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Geopolitics And US-led Afghan Peace Efforts – Analysis

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The American President Donald Trump recently remarked amid speculations and quandary over the question of US troop presence in Afghanistan post-peace deal that 8, 600 American troops would remain in the country even if Washington reaches an agreement with the Taliban. This piece seeks to explore the geopolitical reasons which might prompt US to seek a long-term presence in Afghanistan.

Scholars like Stephen G. Brooks and William C. Wohlforth argue that previous leading states in modern era were either great commercial and naval powers or great military powers on land, never both (Stephen G. Brooks and William C. Wohlforth, “American Primacy in Perspective”, Foreign Affairs, Vol. 81, No. 4, July-August 2002, p. 23). At the dawn of the Cold War, the US was clearly dominant in economic indicators as well as in air and naval capabilities.

But the Soviet Union retained overall military parity, and the twin factors such as geography and investment in land power allowed it with necessary ability to maintain territorial sway in Eurasia. Thus, the US strategy in the post-Cold War has not only been to keep Russia weak to consolidate its control over the heartland, it is also keen to develop its land power capabilities. Afghanistan borders Central Asian states in the north and US’s long-term ally Pakistan in the south. Therefore, control over Afghanistan was considered vital to acquire a line of communication between the Indian Ocean and Eurasian landmass and develop multidimensional strategies.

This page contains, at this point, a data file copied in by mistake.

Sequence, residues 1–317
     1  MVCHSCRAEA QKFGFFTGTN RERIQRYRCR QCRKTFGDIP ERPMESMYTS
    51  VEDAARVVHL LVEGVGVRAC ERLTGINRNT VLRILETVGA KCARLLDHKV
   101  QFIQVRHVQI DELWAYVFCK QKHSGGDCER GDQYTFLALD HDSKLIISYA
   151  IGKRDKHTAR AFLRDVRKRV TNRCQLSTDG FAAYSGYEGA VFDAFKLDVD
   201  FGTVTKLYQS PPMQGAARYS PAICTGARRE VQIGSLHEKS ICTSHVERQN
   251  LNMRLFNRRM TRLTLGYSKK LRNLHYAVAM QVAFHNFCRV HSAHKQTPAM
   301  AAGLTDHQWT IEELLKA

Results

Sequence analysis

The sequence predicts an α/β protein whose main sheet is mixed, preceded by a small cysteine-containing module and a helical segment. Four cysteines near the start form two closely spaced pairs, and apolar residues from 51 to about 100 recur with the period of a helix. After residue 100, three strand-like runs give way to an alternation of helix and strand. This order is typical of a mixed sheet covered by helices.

While Afghanistan is strategically located in the middle of major Asian regions like Central Asia, South Asia, West Asia and Far-East. Central Asia being part of larger Eurasia joins Europe with Asia. Therefore, both Afghanistan and the Central Asian region are instrumental to controlling various other regions.

In Zbigniew Brzezinski’s words both Afghanistan and the Central Asian region are geopolitical pivots. Geopolitical pivots are the states “whose importance is derived not from their power and motivation but rather from their sensitive location and from the consequences of their potential vulnerable condition for the behavior of strategic players” (Z. Brzezinski, The Grand Chessboard, Basic Books, New York, 1997, p. 41). According to him, geostrategic players are the states that have the capacity and the national will to exercise power or influence beyond their borders in order to alter the existing geopolitical state of affairs. The US, Russia, Iran, India, China and Pakistan can be considered as geostrategic players according to this definition. The importance of the geopolitical pivots for the geostrategic players has been enormous despite the resistance from the geopolitical pivots and vulnerable conditions arising from the presence of other active geostrategic players.